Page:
Lucrative Career with High Salaries: Become an Air Traffic Controller

Pam Choi at the Santa Monica viewing tower. Pam Choi

Pam Choi recalls her answer, soon after graduating from the FAA Academy, when the tower chief asked what best prepared her, a former waitress, to be an air traffic controller (ATC).

"I said, 'I'm guessing ATC is very similar to waiting tables: You're either very busy or very slow, you have to be polite and considerate to your customer, well organized, aware of things changing around you all the time, and constantly changing your plan while working with the front and back of the house.' He said, 'My gosh — that's exactly what it's like!'"

That was in 1991, and after 25 years of serving her customers, Choi has just hit the controller's mandatory retirement age of 56. As part of her next chapter in life, she wants to educate students about opportunities in the field. "I've been so fortunate in my career," she says. Especially considering it almost vanished before commencing.

"I was never into aviation," Choi says, recounting her Chicago roots and Florida upbringing. But after occupations, including singer and musician, English teacher in Europe, retail clerk and waitress, the high-school grad realized, "I needed a real job." She saw an ATC recruitment ad and figured her aptitude for math and communication skills would make her a good candidate. But she learned that her upcoming 31st birthday would push her over the age limit, so, without any preparatory work, she took the application test cold the following week. Two weeks before her birthday, the FAA notified Choi she'd passed and earned a spot at the Academy.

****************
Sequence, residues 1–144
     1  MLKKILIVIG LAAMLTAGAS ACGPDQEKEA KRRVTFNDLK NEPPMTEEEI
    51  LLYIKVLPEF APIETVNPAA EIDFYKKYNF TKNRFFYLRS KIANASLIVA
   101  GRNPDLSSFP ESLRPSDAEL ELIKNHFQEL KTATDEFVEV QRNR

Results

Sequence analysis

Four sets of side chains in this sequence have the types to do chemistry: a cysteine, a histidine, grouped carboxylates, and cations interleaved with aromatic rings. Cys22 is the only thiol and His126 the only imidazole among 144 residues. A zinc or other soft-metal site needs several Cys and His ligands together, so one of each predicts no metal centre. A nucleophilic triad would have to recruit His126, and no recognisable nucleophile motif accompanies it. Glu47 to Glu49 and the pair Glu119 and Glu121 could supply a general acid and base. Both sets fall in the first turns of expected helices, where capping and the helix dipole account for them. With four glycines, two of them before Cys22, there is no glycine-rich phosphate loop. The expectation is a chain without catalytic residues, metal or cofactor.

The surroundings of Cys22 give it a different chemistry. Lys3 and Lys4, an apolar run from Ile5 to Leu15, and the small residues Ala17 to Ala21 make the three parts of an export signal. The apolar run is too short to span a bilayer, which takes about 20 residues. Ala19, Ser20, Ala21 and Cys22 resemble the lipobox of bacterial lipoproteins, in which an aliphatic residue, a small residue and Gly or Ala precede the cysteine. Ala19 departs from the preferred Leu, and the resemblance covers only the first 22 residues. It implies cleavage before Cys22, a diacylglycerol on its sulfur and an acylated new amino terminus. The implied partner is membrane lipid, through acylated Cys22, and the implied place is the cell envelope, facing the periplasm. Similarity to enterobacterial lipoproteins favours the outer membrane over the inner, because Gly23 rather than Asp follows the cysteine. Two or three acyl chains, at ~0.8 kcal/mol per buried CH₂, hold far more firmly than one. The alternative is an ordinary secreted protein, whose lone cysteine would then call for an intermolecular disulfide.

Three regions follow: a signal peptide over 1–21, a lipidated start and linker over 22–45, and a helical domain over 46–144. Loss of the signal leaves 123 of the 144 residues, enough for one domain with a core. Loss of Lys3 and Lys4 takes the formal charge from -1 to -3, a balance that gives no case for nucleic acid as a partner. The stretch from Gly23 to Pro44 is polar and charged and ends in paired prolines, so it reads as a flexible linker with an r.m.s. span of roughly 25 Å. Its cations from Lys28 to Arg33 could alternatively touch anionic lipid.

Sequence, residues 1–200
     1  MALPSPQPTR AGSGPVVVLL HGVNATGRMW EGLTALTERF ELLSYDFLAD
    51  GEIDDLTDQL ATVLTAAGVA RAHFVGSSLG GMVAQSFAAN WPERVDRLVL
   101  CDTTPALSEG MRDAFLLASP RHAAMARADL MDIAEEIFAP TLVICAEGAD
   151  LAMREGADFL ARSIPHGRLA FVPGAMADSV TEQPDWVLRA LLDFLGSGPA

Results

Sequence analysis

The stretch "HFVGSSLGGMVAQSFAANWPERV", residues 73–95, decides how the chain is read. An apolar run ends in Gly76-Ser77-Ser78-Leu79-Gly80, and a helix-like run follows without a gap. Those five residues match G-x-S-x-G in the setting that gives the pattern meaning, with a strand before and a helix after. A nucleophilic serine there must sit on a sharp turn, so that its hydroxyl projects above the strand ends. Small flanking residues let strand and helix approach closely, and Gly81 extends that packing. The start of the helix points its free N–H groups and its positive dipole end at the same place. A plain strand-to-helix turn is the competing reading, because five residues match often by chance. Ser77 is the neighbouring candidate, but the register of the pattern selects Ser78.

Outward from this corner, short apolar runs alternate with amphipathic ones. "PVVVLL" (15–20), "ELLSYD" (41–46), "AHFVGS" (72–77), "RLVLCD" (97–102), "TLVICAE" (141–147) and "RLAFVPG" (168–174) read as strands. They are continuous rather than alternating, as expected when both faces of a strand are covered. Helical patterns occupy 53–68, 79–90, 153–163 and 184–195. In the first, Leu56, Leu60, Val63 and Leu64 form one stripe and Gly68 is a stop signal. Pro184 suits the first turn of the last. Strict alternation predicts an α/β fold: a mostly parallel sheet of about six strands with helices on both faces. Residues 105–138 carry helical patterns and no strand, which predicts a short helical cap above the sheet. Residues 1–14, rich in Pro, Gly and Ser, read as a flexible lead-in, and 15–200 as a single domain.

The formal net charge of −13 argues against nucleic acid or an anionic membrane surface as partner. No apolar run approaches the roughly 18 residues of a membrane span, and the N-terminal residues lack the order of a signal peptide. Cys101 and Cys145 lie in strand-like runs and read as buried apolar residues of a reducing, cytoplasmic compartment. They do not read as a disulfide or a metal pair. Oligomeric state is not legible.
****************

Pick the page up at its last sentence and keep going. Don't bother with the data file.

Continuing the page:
Choi was first assigned to Santa Monica Municipal Airport (SMO) in Los Angeles. Controllers can bid for assignments and chart their own career paths, but SMO proved to be ideal for Choi, and, other than a brief stint at Long Beach Airport (LGB), she spent her entire career there. In addition to tower controller, she was a safety counselor, pilot outreach representative, facility representative to NATCA (the ATC's union), on the elite ATC team that "trained the trainers" at major ATC facilities nationwide, and served on the Southern California Metroplex Study team, which has developed more than 150 new procedures that will improve traffic flow in the region's airspace. "You don't have to strive to be top controller at LA Center," the married mother says. "There's nothing wrong with staying where you're happiest."

Enviable salaries complement an ATC's challenging and rewarding work. Starting pay in the Los Angeles region ranges from about $58,000 to $67,000, and experienced senior specialists earn between about $134,000 and $182,000. (In 2014, Forbes listed air traffic controller among the ten highest-paying jobs.)

Today, university programs offer training for ATC careers, but the FAA Academy remains open to all qualified candidates. Choi's advice for aspirants who are unable to enroll in an ATC degree program: "Study math and communications, and get a college degree in anything you have an interest in." And if you make the team, even though you'll have time for a second career like Choi did, that doesn't mean you have to give up all the perks of the first.

"I've already been out flying with some of my pilot friends," she says. "I definitely will stay involved with the Santa Monica Airport community."


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